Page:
But his final point may be the most important one -- at least rhetorically. While right-wing Christians often like to cast themselves as "unconditional" supporters of Israel, in contrast to their wishy-wash liberal peers, this is hardly the case. Just like the liberals, they have a particular vision of what they want Israel to do. And when Israel doesn't adopt positions consistent with those policies, they tend to lash out:
How will the Christian right feel if Israel does, in fact, make compromises for the sake of peace by “betraying” its biblical birthright? Some pro-Israel evangelical leaders already blame Jewish stiff-neckedness for the phenomenon of anti-Semitism.
In his book “Jerusalem Countdown,” Hagee writes: “It was the disobedience and rebellion of the Jews, God’s chosen people, to their covenantal responsibility to serve only the one true God, Jehovah, that gave rise to the opposition and persecution that they experienced beginning in Canaan and continuing to this very day.” The Jews’ own rebellion, he writes, “had birthed the seed of anti-Semitism.”
I’ve met evangelical leaders who share an unpleasant tic with Israel’s critics on the far left: They all hold Israel to an impossible standard of moral and political behavior. To much of the Christian right, Israel isn’t a real nation-state facing a series of painful choices. It is, instead, a biblical fantasyland, and an instrument of Christian salvation. In Bachmann’s case, it’s a living test of America’s fealty to God.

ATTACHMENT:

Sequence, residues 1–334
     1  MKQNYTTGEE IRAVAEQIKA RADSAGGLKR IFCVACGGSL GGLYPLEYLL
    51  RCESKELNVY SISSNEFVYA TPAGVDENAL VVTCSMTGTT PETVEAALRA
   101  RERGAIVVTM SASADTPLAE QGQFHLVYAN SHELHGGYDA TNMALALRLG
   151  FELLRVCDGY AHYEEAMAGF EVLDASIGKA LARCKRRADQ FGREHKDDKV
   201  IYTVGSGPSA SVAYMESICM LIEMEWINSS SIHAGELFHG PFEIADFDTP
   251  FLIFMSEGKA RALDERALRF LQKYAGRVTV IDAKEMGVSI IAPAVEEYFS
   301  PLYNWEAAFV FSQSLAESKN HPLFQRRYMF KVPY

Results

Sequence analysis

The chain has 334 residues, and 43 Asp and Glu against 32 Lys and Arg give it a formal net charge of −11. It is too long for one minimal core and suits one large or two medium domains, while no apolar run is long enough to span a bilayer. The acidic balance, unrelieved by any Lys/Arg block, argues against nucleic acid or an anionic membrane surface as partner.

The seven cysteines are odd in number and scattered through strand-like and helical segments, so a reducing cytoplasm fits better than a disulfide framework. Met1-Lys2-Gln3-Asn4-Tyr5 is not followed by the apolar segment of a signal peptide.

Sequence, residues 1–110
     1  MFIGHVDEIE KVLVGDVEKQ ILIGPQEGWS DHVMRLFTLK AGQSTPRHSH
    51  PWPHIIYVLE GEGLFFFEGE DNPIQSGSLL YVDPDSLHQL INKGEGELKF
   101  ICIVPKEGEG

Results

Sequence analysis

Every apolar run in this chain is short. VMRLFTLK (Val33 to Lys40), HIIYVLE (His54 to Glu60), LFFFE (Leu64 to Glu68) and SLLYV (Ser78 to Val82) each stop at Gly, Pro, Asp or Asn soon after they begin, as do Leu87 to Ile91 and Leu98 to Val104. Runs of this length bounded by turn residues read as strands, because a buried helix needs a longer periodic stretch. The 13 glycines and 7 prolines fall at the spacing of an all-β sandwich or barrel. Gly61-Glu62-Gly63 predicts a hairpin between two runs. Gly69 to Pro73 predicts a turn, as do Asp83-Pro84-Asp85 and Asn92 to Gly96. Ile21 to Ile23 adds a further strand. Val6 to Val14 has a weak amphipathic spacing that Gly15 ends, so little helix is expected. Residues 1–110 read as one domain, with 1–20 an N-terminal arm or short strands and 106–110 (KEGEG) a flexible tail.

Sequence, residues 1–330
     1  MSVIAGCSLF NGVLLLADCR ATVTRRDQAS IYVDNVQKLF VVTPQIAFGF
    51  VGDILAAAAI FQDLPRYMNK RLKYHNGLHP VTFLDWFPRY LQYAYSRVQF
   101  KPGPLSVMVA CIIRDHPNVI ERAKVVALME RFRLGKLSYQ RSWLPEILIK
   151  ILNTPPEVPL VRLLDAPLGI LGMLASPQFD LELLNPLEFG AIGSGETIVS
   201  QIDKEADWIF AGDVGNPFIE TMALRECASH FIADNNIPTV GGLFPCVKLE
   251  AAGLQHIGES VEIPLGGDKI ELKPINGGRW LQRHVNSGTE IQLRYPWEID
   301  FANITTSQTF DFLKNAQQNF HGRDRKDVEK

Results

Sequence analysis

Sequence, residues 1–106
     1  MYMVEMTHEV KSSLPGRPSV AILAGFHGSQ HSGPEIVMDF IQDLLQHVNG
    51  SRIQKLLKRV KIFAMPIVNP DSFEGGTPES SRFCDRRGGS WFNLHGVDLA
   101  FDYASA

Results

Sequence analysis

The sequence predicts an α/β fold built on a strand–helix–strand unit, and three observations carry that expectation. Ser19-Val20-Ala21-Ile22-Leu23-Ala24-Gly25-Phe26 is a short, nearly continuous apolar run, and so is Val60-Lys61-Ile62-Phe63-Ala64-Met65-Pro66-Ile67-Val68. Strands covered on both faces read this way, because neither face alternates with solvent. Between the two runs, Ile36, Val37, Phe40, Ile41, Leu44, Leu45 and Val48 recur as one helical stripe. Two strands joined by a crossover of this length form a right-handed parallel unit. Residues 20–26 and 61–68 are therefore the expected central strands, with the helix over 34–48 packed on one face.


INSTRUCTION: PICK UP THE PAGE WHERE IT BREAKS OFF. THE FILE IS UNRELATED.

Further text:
There's no need for conjecture on how some religious conservatives will react if Israel "betrays" them -- Pat Robertson famously declared that Ariel Sharon's coma was divine punishment for dividing the land of Israel (by withdrawing from Gaza).
In any event, the point is that both pro-Israel liberals and pro-Israel conservatives have policies they prefer that the state adopt, and ones they oppose the state adopting. Which is fine -- that's sort of the point of having a political ideology. But casting it in terms of unconditional love or support is simply a misrepresentation. Indeed, in a lot of ways, it is the opposite -- conservative support for Israel is not generally predicated on a fundamental commitment to Zionist principles (a Jewish democratic homeland), with policy preferences flowing out of what they honestly believe will best buttress that dream. Rather, support for Israel is instrumental to goals external to the Zionist vision, e.g., "to thwart the global jihad" or "to create conditions for the return of Jesus."